Nova Scotia Progressive Conservative Leader Jamie Baillie to resign
The leader of the Nova Scotia Progressive Conservative party is stepping down after two attempts at forming a government were unsuccessful.
Jamie Baillie is set to announced his resignation on Wednesday, exactly seven years and two days after he became leader on Oct. 30, 2010.
He says he’ll be staying on until the party chooses a new head.
“I want to thank my family, my caucus colleagues, and the dedicated members of the PC Party for their support over the last seven years,” said Baillie in a press release.
“It is the right time for my family and I to start our next chapter. I also believe it’s an opportunity for the Party to elect a fresh face for leader.”
Baillie resigns after he lost the 2017 election to political rival Premier Stephen McNeil.
At the time, Baillie had said that he was planning to stay on until at least the end of the fall session. The session ended last week.
Despite the Tories making inroads in Metro Halifax and gaining a few seats, it only took a few weeks after the election for some within his own party to question his future.
WATCH: Questions remain over NS PC leader Jamie Baillie’s political future
In August an online survey, obtained by Global News, began circulating.
Created by a party member, it questioned Baillie’s leadership and the direction of the party.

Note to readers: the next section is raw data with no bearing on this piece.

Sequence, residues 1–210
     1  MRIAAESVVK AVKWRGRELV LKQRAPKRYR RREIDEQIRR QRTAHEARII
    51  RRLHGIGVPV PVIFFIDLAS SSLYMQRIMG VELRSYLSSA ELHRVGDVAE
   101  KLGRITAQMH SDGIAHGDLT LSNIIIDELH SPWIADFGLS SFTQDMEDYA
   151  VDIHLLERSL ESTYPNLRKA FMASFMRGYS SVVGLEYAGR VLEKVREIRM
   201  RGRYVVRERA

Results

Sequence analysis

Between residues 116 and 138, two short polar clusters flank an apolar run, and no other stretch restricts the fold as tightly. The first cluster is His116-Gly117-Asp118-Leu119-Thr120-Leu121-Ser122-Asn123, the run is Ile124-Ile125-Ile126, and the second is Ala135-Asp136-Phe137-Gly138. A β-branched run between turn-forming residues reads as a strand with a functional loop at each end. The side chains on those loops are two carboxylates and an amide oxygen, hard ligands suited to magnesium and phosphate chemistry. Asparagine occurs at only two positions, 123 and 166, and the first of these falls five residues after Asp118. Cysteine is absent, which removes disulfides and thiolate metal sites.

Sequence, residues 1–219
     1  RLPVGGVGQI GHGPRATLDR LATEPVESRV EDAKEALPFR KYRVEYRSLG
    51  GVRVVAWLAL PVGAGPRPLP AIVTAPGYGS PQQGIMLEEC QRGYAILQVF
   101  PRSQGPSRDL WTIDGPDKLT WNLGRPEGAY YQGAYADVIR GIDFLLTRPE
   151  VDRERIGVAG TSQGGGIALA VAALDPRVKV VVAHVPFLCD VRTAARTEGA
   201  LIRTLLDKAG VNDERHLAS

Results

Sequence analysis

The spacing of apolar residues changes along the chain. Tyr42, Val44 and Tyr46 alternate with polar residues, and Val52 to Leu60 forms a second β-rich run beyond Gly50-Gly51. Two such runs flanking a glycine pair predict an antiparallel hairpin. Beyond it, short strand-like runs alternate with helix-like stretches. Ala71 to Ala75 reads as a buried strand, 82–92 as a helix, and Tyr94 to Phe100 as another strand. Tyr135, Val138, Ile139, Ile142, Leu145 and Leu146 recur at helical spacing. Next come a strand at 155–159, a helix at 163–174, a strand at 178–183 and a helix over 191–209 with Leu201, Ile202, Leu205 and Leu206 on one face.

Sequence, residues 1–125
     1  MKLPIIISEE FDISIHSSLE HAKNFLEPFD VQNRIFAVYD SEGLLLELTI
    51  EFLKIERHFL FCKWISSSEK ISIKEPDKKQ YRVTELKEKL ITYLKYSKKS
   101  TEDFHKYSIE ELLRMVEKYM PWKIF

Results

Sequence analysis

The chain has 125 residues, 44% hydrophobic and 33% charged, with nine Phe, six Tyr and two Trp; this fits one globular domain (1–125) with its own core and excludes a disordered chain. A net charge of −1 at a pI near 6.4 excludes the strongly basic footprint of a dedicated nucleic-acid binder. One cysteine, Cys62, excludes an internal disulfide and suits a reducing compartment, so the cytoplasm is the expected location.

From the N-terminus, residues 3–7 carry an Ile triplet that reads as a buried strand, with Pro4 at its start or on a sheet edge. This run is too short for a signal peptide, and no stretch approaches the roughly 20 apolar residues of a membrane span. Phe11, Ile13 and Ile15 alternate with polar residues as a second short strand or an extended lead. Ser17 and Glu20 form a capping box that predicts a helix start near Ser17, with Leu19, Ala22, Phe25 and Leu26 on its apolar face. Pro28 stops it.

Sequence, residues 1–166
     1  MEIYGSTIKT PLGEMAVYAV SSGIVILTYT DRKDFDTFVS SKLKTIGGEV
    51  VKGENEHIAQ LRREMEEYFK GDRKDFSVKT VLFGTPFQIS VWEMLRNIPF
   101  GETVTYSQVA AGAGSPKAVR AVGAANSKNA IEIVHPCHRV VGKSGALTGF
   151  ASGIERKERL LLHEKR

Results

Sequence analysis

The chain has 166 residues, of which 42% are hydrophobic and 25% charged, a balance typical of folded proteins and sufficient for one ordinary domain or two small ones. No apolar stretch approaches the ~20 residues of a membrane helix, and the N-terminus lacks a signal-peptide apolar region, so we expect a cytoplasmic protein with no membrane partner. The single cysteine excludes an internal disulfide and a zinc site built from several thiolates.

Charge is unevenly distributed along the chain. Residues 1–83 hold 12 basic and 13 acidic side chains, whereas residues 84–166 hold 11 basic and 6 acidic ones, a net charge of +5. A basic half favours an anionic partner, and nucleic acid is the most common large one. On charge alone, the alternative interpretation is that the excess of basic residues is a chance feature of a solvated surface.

Questions in the survey, including one which Baillie pointed to as evidence of an “alt-right” undertone, which the PC leader said at the time, emboldened him to stay.
“It makes me more determined to lead this party to the moderate place I know it needs to be,” he said.
Baillie spent three years serving as chief of staff to former Premier John Hamm.
He has had a long career in Nova Scotia’s business community. The chartered accountant also served as CEO of Credit Union Atlantic.
He’s also been named a member of Atlantic Business Magazine’s Hall of Fame.
Tara Miller, the party president, says the Tories owe a great deal of gratitude to Baillie for his many years of service.
“We have been so lucky to have someone of Jamie Baillie’s caliber as our leader over the last seven years. He has been a tremendous steward, navigating our Party through many challenging times,” said Miller.
“Jamie is a wonderful man. He is smart, dedicated and caring. I want to thank him, on behalf of our entire PC family, for his years of service and commitment to our province.”
WATCH: Nova Scotia election: Jamie Baillie full speech at PC headquarters
It’s now up to the Tories to set a date for a leadership convention within the next 18 months.
While details are scarce and the rules around that convention are yet to be determined, it’ll have to be guided by the party’s constitution.
Some of the rules which are likely to come into play:
- There will be a formal notice 75 days ahead of the leadership vote published in a newspaper of province-wide circulation
- To be eligible to vote for the new leader, you must have been a member of the party for a minimum of 45 days preceding the vote
- The leader must be elected by a majority result
- Fundraising for a leadership campaign will be subject “to a measure of transparency”
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